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Bio-battery cells (left) power the Walkman  (Source: Sony Corp.)
Sony is making a sweet battery technology -- literally

Sugar is a common substance we use to flavor our foods, which our bodies convert into usable energy. Sony must have figured that sugar may also be able to power some of its electronic devices, as the company has announced the development of a battery technology that generates electricity from carbohydrates utilizing enzymes as its catalyst.

The system developed by Sony generates energy from the breakdown of sugars by “immobilizing enzymes and the mediator (electronic conduction materials) while retaining the activity of the enzymes at the anode.”

Sony also said that it developed a new cathode structure which efficiently supplies oxygen to the electrode while ensuring that the appropriate water content is maintained. The careful optimization of the electrolyte for these two technologies has enabled test cells of this bio-battery to achieve power output of 50 mW – which Sony claims is currently the world's highest level for passive batteries of its kind.

The bio-battery cells measure a cubed 39mm with a volume of 40cc and generate enough power to run a Sony Walkman digital music player. It may be a while before such battery technology would be ready for the consumer market, as the current bio-battery cells are larger than the devices they can power.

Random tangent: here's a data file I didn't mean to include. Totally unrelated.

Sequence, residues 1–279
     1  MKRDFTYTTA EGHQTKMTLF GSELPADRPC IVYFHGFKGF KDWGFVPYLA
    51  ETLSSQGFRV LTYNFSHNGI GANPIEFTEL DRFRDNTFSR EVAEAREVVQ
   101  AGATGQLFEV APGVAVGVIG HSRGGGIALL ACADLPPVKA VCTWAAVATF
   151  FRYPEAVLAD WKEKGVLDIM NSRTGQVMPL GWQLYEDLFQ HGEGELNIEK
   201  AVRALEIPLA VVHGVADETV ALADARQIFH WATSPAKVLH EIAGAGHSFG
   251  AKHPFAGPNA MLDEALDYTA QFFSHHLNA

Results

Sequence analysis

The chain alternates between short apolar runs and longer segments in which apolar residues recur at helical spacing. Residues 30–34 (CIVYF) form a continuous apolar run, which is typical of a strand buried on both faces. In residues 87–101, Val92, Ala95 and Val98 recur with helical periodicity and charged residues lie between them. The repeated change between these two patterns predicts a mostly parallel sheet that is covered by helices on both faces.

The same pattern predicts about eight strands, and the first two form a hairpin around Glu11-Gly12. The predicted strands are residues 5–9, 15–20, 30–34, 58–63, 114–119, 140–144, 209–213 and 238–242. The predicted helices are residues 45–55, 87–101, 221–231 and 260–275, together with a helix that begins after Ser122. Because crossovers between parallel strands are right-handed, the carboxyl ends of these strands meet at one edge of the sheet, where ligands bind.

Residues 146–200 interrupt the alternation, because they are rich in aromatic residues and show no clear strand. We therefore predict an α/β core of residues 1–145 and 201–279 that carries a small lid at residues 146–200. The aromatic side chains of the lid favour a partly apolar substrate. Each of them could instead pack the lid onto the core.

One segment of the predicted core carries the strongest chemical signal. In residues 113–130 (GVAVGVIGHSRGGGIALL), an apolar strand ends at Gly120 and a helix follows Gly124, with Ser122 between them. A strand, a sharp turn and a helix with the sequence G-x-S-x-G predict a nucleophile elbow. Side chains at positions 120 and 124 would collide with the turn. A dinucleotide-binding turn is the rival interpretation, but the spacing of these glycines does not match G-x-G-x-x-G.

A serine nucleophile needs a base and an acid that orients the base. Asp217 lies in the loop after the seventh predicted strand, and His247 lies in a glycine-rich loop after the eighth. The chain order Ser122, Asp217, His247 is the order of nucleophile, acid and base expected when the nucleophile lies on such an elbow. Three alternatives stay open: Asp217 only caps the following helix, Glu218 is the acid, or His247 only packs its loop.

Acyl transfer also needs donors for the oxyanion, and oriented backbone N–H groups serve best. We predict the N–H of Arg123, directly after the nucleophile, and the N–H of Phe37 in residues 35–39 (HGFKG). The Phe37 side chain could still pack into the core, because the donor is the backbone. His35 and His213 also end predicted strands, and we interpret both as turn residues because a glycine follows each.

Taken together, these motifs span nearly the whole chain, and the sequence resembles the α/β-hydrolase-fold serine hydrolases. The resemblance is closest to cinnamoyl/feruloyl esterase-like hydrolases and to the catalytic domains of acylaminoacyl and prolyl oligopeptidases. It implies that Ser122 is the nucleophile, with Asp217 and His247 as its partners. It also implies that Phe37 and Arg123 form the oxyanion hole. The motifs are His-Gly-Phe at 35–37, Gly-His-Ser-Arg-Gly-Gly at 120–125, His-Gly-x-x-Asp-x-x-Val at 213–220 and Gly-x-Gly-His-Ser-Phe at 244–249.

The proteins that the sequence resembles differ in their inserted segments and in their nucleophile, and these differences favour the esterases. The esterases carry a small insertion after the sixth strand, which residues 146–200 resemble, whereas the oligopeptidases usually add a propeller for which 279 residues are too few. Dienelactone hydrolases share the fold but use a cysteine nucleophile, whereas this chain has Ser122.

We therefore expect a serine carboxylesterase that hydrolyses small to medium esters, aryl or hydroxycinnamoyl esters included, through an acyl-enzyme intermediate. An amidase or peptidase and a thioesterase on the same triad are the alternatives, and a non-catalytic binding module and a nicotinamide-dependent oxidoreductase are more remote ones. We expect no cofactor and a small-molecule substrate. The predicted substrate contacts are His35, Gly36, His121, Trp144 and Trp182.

Researchers elsewhere have also been investigating alternative ways to power electronics. Earlier this month, researchers from the Fraunhofer Institute were able to construct a method of turning body heat into electricity using the same principal as thermoelectric generators (TEG) made from semi-conductor elements.



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RE: What does sugar attract?
By PAPutzback on 8/31/2007 2:20:30 PM , Rating: 2
"Why do you have ant traps in your laptop bag"? My battery leaks.


"People Don't Respect Confidentiality in This Industry" -- Sony Computer Entertainment of America President and CEO Jack Tretton

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